Since I grew up in California, I had the joy of being close to where avocados thrive. And consequently, I love avocados. Moving to North Dakota has been more of a challenge in finding and keeping avocados, but I am thankful to find them at our local grocery store! I was super excited to get an avocado grower, Double H Avocado Ranch, from my home state of California. I decided to make a BLT (minus the L) frittata. It is my new favorite for breakfast in the morning! Plus it makes for beautiful photos!!
AVOCADOS: DOUBLE H AVOCADO RANCH
When did you start farming? What brought you into farming?
In 1986 when we were able to purchase Ag property.
Who farms with you and what are their roles?
It includes my husband, my sister-in-law, her husband and myself. The ranch is jointly owned by the 4 of us.
What has been the hardest part of farming for you? The most satisfying part?
The drought has been the hardest part of farming for us. The most satisfying part of farming has been providing a great product that is hand grown and has numerous health benefits.
What crops do you grow and why?
Avocados-we used to raise a few pigs and dairy goats
What do you think was the most useful advance in farming such as machinery, genetics, chemicals, etc?
The research being done by the Calif. Avocado Commission to help growers increase their yields and to continue helping us to produce an excellent product.
What is your favorite thing to do with a food crop you grow?
We like to use guacamole in deviled eggs-replace egg mixture with your fresh guacamole.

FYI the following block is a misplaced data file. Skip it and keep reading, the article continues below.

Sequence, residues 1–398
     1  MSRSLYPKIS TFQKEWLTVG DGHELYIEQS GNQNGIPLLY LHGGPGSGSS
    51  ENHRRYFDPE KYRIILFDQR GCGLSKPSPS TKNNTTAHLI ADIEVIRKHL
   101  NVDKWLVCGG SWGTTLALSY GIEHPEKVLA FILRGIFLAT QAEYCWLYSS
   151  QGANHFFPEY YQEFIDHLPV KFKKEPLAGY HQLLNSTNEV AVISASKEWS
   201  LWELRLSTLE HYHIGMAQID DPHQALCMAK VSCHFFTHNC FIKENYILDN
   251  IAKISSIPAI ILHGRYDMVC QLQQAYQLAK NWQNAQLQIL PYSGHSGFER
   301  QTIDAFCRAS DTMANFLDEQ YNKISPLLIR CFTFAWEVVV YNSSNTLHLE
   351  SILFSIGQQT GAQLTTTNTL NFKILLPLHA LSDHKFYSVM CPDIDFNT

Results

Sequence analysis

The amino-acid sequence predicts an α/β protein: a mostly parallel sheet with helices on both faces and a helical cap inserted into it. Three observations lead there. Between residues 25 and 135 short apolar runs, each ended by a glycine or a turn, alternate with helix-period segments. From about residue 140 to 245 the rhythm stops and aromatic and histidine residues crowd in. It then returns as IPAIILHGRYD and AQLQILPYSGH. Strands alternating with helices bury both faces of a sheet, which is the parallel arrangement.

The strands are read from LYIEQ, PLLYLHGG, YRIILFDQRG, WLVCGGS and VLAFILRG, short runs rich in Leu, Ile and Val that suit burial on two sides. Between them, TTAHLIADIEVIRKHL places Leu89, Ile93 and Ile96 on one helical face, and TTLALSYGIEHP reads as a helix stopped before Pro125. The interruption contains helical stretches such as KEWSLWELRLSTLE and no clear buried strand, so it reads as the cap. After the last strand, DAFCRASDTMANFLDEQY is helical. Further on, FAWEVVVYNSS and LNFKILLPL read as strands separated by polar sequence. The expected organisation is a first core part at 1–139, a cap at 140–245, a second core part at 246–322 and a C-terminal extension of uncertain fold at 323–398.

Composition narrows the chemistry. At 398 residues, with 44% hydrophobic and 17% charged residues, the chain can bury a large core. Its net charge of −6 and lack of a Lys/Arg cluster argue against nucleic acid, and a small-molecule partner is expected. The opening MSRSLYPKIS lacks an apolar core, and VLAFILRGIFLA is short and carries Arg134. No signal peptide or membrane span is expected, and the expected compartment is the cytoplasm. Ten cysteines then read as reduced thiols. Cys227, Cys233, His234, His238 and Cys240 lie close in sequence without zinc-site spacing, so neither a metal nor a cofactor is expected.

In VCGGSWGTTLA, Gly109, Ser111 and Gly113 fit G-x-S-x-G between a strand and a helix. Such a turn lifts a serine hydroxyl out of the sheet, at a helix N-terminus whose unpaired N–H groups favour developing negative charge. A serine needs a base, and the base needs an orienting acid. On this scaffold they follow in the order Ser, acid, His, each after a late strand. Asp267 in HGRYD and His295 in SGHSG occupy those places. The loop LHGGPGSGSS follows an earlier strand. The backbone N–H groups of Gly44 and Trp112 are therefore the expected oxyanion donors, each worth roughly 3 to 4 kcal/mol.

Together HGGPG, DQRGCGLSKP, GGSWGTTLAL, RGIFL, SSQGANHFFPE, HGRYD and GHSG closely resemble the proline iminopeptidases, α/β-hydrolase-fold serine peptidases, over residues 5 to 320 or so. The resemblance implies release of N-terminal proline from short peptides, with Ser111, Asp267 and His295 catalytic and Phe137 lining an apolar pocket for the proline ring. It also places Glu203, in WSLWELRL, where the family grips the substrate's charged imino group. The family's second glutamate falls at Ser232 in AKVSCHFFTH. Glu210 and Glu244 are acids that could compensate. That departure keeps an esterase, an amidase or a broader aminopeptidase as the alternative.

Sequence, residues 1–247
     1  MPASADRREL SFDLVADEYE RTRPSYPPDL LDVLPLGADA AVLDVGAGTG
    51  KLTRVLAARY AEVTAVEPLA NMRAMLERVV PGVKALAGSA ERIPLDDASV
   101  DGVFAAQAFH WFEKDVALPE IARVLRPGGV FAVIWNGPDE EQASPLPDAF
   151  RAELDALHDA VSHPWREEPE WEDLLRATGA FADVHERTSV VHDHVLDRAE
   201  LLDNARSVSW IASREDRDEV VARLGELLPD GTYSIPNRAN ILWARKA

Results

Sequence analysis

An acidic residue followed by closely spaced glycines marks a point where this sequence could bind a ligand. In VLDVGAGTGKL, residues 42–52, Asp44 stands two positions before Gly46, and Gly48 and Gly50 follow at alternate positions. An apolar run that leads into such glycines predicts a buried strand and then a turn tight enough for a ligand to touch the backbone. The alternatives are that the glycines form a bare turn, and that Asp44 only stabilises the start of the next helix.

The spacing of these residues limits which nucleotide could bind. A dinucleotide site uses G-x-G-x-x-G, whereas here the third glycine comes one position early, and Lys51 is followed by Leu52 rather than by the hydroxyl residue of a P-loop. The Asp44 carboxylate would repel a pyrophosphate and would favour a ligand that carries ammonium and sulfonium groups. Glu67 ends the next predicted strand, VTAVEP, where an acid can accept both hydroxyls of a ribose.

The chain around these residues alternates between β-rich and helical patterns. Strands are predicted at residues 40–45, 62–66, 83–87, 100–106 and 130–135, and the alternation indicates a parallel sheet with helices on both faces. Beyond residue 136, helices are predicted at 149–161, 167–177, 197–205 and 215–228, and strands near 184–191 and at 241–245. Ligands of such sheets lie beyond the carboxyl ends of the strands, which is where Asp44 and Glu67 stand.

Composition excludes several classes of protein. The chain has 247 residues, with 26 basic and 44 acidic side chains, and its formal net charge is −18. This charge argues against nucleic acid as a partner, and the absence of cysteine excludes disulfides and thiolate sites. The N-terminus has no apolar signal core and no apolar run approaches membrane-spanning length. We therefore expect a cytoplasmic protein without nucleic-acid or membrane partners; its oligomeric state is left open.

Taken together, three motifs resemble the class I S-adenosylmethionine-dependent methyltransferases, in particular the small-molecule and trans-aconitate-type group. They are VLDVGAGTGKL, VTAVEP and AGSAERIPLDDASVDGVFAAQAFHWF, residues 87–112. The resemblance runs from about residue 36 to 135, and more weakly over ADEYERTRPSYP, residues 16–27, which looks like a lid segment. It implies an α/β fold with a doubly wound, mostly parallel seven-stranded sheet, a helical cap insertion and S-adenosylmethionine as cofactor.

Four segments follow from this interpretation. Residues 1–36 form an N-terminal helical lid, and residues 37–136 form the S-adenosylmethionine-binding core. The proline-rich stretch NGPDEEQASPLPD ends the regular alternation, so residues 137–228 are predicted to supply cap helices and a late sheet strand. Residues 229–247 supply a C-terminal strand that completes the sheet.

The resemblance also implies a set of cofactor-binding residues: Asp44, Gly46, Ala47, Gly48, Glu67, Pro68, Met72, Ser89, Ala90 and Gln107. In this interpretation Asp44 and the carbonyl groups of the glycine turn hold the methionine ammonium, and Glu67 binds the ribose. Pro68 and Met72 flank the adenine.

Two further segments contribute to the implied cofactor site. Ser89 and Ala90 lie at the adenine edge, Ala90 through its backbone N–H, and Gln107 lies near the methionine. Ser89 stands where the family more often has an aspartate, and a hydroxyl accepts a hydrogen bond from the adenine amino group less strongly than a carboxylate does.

Any memories you want to share about this feature ingredient?
It is a very versatile fruit and it contains a lot of very healthy nutrients.
What is one message you’d like to get across to the general public about what you do?
That farmers and ranchers really care about the land on which they work, our livelihoods depend on us caring for the land and everything raised on it. If we didn’t take care of it we couldn’t do what we do. Farmers and ranchers take better care of the environment than any environmentalist or government agency ever can.
What advice would you give to anyone interested in getting into farming?
Be prepared to work hard-but it is extremely satisfying to see people enjoy the fruit of your labors.
This was my first time making a frittata and I have to say, I was pleasantly surprised at how good it turned out. I am not a huge egg person but I honestly loved the texture and taste of this frittata. It worked great to have on hand for breakfasts during the week. My breakfast has forever been changed by the frittata!
- 2 tablespoons butter
- 1 shallot
- 2 large red potatoes, peeled and thinly sliced
- salt and pepper to taste
- 4 ounces Farmers or Swiss Cheese, grated
- 8 large eggs
- 3 tablespoons flour
- 1 teaspoon baking powder
- 1 tomato, halved and thickly sliced
- 1 avocado, quartered and cut into slices
- 1/2 pound bacon, cooked and chopped
- Preheat the oven to 375°F.
- In a medium saucepan, boil the potatoes in salted water for 7 minutes or until tender. You can also do this in the microwave.
- In a large oven-proof skillet, melt the butter over high heat. Add the shallot and potato. Don't stir for several minutes allowing the potatoes to slightly brown. Stir in salt and pepper to taste. Continue cooking for an additional 3 - 4 minutes. Remove from the heat.
- In a large bowl, beat the eggs and whisk in half of the cheese. Add the flour and baking powder. Whisk to fully combine.
- Pour the egg mixture over the potatoes in the skillet. Layer the tomato, avocado, bacon, the remaining cheese, and additional salt and pepper.
- Transfer the skillet to the oven. Bake for 25 minutes or until the center of the frittata begins to brown and the eggs are cooked. Serve warm.
This post is part of my Thirty Days of Food series where I am writing about food and farming for the entire month of November, to find out more about it all or how to follow along, visit my Thirty Days of Food page to find more great recipes with farmer features!